The foregoing error, which we deem to be of substantial and prejudicial nature, requires the granting of a new trial. It would not be inapposite to add a word of caution upon another question raised upon this appeal. Appellant avers that the trial judge tended, in his charge to the jury, to treat government testimony as fact and defense testimony as mere allegations subject to jury belief or disbelief. Our reading of the court charge discloses that, although the jury was told to disregard any recollections of the trial judge in disagreement with its own, there is some merit in the appellant's contention. For example, a witness called by defendant testified that one Cox, a deputy marshal, was present at the store where appellant was accosted by the federal agents. On rebuttal, the government called Cox, who testified that he was never there. This conflict was recited in the court charge as follows: "You remember how positive he [defendants' witness] was about Mr. Cox, our*fn4 deputy marshal being present in the store, standing there talking, and everything else about their talking. Mr. Cox was never in the store." A jury hearing this might well conclude that the credibility of the witnesses was not a problem for the jury. We recognize the right of the judge to comment on the evidence and to give his personal opinion thereon, but this prerogative must be so exercised as to leave no doubt in the jurors' minds that the final determination of the facts rests with them. Cf. United States v. Gollin, 1948, 3 Cir., 166 F.2d 123, 126, certiorari denied 1948, 333 U.S. 875, 68 S. Ct. 905.

The judgment of conviction will be reversed and the cause remanded for a new trial.

McLAUGHLIN, Circuit Judge (dissenting).

I agree that the present conviction is not barred by the doctrine set forth in Sealfon v. United States, 332 U.S. 575, 68 S. Ct. 237.

I do not agree that the trial court committed reversible error in defining "possession".

The indictment originally contained four counts. The trial court directed a verdict in favor of appellant on Counts One and Two. The Third Count charged possession by appellant of certain counterfeited ration stamps. The Fourth Count charged possession of the same stamps with intent to utter them.

In this case there was evidence that the back room of the second floor of the house in question was rented to appellant He gave $10 a week for it though the requested rent was only $8. At the time of the rental there was no lock on the closet door within the room. Later, during the rental by appellant, the landlord noticed that a lock had been put on the door. There was also evidence that appellant was seen entering and leaving the particular house. There was testimony that while the appellant was in custody and as he was being brought to the said house, one of the officers following closely behind him heard something jingle. Checking this, he picked up a key. The key fitted the closet door lock. The closet contained a large quantity of counterfeited ration stamps, including those mentioned in the indictment.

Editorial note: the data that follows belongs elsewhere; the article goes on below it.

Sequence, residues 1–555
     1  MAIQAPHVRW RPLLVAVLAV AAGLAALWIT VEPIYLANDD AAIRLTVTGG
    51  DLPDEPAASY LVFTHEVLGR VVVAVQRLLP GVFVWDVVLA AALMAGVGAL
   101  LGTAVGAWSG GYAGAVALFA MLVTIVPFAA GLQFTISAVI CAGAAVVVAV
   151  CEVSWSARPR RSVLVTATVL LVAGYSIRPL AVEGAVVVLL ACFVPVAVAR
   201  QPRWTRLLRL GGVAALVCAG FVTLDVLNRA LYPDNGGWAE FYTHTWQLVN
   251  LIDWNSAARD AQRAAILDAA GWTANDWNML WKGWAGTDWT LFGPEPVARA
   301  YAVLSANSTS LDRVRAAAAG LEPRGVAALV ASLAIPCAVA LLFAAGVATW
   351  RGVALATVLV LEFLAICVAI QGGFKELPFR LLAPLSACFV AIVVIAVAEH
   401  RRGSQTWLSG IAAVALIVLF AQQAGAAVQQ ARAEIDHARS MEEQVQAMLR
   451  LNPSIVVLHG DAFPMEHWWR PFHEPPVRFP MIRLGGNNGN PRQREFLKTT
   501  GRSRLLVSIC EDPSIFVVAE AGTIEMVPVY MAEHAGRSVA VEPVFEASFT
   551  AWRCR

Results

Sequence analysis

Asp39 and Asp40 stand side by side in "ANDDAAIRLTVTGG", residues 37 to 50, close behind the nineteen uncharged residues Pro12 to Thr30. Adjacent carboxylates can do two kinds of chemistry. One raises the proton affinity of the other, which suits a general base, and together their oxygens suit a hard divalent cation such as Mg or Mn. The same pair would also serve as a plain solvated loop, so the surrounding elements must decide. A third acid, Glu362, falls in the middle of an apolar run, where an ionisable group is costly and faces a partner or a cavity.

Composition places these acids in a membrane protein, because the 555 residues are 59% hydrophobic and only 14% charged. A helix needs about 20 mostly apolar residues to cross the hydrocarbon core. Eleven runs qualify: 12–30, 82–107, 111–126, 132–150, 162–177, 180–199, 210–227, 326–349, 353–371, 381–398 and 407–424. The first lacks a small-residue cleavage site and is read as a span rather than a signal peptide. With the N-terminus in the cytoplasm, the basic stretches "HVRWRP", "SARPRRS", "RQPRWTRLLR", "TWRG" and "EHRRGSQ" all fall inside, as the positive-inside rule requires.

The basis of the majority opinion is the holding that the jury was not told that possession included control.

The trial judge at the outset of his charge read to the jury Counts Three and Four of the indictment which were the two then remaining counts. The pertinent language of the possession count so read was, "The defendant, * * * wilfully and unlawfully possessed and controlled certain counterfeited ration documents * * *." The indictment was in evidence and went to the jury. Later in the charge, after the request to charge "as to possession under this Act, and what possession means under the facts of this case", the court said:

"You will observe that the third count charges the possession of the stamps and the fourth count charges the defendant with possession with intent to utter the stamps. The possession of the stamps you could find if you concluded from the evidence that this defendant was in possession of these stamps alone; in that case he would be found guilty on Count 1[3] alone. If, however, you have concluded that he was in possession of the stamps, and from the evidence you concluded that he intended to utter them, then he would be, and you could properly find him, guilty on Count 4 likewise.

"Mere possession of and by itself would not weigh against him on that fourth count because there you did not find that he intended to utter them, but I say to you again, that there is evidence sufficient for you to pass upon here on both counts, and for that reason I am submitting the entire matter to you."

In the body of the charge where the trial judge was discussing the presumption of innocence, he stated that such presumption would remain with the defendant "throughout the entire trial of this case, until the presumption is removed by evidence that convinces you beyond a reasonable doubt that he is guilty of the offenses charged."

It seems to me that under the facts the above presentation fairly apprised the jury that proof of appellant's control of the stamps was necessary in order to convict him. The court might perhaps have restated the language of the indictment; but in adhering to the latter's exact phraseology and forcibly stressing that, for a conviction, the evidence must be convincing beyond a reasonable doubt of guilt "of the offenses charged", the jury was told that both possession and control must be found to exist before there could be a verdict of guilty. The reason assigned by the majority is not the substantial error that would justify reversal of this judgment of conviction.